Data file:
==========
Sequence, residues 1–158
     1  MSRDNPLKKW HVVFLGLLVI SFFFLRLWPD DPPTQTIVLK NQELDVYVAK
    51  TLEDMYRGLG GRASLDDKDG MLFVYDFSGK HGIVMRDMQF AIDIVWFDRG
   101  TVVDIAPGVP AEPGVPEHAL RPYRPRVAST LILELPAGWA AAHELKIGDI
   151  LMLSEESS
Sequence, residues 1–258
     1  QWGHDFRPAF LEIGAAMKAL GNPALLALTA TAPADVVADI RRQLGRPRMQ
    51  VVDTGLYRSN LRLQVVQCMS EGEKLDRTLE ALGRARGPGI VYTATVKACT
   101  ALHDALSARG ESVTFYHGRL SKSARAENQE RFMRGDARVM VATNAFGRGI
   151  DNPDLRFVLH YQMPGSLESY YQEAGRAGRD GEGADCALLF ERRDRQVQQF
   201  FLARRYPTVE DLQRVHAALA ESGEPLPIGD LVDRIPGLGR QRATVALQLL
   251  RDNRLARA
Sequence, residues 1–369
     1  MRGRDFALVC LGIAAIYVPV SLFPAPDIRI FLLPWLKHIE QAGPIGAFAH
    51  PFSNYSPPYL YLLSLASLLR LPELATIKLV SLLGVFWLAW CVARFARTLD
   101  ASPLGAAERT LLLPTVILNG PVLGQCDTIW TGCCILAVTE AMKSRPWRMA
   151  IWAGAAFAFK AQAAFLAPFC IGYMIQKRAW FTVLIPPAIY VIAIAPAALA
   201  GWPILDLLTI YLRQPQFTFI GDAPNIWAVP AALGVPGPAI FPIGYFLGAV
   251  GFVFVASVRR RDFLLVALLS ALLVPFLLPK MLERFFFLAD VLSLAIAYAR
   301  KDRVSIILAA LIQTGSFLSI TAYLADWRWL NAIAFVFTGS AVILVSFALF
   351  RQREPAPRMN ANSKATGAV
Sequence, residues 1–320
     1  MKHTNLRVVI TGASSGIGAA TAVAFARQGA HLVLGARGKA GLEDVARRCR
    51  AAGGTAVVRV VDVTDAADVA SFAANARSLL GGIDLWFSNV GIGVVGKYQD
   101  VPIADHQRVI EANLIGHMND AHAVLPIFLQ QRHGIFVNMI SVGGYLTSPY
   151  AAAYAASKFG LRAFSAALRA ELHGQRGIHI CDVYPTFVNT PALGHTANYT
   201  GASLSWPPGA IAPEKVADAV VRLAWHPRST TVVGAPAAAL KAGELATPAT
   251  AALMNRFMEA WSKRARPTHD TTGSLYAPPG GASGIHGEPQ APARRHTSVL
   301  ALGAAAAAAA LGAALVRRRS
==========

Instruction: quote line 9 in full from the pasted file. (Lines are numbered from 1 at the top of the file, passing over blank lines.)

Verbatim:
   101  ALHDALSARG ESVTFYHGRL SKSARAENQE RFMRGDARVM VATNAFGRGI